Batts are precut, whereas blankets are available in continuous rolls. Compressing the material reduces its effectiveness. Cutting it to accommodate electrical boxes and other obstructions allows air a free path to cross through the wall cavity. One can install batts in two layers across an unfinished attic floor, perpendicular to each other, for increased effectiveness at preventing heat bridging. Blankets can cover joists and studs as well as the space between them. Batts can be challenging and unpleasant to hang under floors between joists; straps, or staple cloth or wire mesh across joists, can hold it up.
Gaps between batts (bypasses) can become sites of air infiltration or condensation (both of which reduce the effectiveness of the insulation) and requires strict attention during the installation. By the same token careful weatherization and installation of vapour barriers is required to ensure that the batts perform optimally. Air infiltration can be also reduced by adding a layer of cellulose loose-fill on top of the material.
Fiberglass will irritate the eyes, skin, and the respiratory system. Potential symptoms include irritation of eyes, skin, nose, throat, dyspnea (breathing difficulty); sore throat, hoarseness and cough. Scientific evidence demonstrates that fiber glass is safe to manufacture, install and use when recommended work practices are followed to reduce temporary mechanical irritation.
In the US, the National Toxicology Program ("NTP"), in June 2011, removed from its Report on Carcinogens all biosoluble glass wool used in home and building insulation and for non-insulation products. Similarly, California's Office of Environmental Health Hazard Assessment ("OEHHA"), in November 2011, published a modification to its Proposition 65 listing to include only "Glass wool fibers (inhalable and biopersistent)." The U.S. NTP and California's OEHHA action means that a cancer warning label for biosoluble fiber glass home and building insulation is no longer required under Federal or California law. All fiber glass wools commonly used for thermal and acoustical insulation were reclassified by the International Agency for Research on Cancer ("IARC") in October 2001 as Not Classifiable as to carcinogenicity to humans (Group 3).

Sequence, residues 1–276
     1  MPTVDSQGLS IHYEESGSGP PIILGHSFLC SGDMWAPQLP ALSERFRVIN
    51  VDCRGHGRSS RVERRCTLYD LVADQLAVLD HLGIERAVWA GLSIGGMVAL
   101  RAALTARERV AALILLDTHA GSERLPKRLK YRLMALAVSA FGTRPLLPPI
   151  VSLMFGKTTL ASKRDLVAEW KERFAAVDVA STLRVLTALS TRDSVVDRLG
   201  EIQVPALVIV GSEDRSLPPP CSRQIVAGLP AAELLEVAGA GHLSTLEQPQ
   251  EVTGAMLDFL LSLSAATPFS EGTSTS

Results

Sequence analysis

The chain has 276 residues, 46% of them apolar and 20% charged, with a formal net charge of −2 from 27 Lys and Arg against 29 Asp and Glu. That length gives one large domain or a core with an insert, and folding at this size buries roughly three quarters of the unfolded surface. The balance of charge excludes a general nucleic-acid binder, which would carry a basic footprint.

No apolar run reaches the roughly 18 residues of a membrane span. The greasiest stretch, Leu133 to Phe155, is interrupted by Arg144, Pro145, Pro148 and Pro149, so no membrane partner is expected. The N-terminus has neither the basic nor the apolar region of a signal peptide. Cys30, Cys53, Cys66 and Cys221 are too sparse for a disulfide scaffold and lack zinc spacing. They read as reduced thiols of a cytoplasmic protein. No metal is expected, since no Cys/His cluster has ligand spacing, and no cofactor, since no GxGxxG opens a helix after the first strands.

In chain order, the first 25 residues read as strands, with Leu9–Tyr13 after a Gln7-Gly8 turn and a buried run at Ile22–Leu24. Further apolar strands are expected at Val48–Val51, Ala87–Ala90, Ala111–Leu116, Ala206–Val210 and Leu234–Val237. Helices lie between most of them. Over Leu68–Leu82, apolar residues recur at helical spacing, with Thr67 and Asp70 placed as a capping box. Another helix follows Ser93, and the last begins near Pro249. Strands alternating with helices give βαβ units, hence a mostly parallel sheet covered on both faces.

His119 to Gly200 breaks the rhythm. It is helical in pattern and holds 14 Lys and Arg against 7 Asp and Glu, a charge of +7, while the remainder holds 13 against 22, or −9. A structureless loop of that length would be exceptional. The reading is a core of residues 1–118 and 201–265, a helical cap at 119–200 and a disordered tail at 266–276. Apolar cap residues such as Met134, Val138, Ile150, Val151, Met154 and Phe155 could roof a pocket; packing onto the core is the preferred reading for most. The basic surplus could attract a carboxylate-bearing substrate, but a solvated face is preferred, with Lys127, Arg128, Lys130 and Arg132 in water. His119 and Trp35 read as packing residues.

Fiberglass is resistant to mold but growth can occur if fiberglass becomes wet and contaminated with organic material.
- US Patent Number 2133235: Method & Apparatus for Making Glass Wool First Slayter glass wool patent, 1933.
- Labor, United States Department of (2005), Occupational Safety & Health Administration, Chemical Sampling Information, CAS Registry Number: 65997-17-3 (Fibrous Glass).
- North American Insulation Manufacturers Association ("NAIMA"), Insulation Facts #62 "Health and Safety Facts for Fiber Glass", Pub. No. N040, May 2012.
- Department of Health and Human Services (2011), National Institute of Environmental Health Sciences, National toxicology Program, Fact Sheet, "The Report on Carcinogens," June 2011 (PDF), retrieved 2013-02-05
- 46-Z California Regulatory Notice Register, P.1878 (November 18, 2011).
- IARC Press Release, 24 October 2001 (http://www.iarc.fr/en/media-centre/pr/2001/pr137.html)
- Owens Corning (2007), Fiberglass Thermal Batt, Product Data Sheet (PDF), retrieved 2012-02-23